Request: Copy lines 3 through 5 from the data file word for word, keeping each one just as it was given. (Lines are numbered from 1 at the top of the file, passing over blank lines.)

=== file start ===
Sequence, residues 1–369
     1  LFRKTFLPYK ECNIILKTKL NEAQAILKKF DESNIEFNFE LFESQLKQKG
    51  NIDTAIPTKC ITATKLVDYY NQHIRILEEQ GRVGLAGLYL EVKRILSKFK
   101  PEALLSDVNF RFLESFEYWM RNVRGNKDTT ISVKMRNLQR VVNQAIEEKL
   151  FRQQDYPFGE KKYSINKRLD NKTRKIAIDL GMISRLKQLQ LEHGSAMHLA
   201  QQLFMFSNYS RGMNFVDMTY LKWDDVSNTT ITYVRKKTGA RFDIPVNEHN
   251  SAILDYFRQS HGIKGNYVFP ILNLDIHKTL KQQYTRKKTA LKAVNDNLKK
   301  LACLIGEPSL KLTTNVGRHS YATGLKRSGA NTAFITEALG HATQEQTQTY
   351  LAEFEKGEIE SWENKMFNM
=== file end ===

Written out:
    51  NIDTAIPTKC ITATKLVDYY NQHIRILEEQ GRVGLAGLYL EVKRILSKFK
   101  PEALLSDVNF RFLESFEYWM RNVRGNKDTT ISVKMRNLQR VVNQAIEEKL
   151  FRQQDYPFGE KKYSINKRLD NKTRKIAIDL GMISRLKQLQ LEHGSAMHLA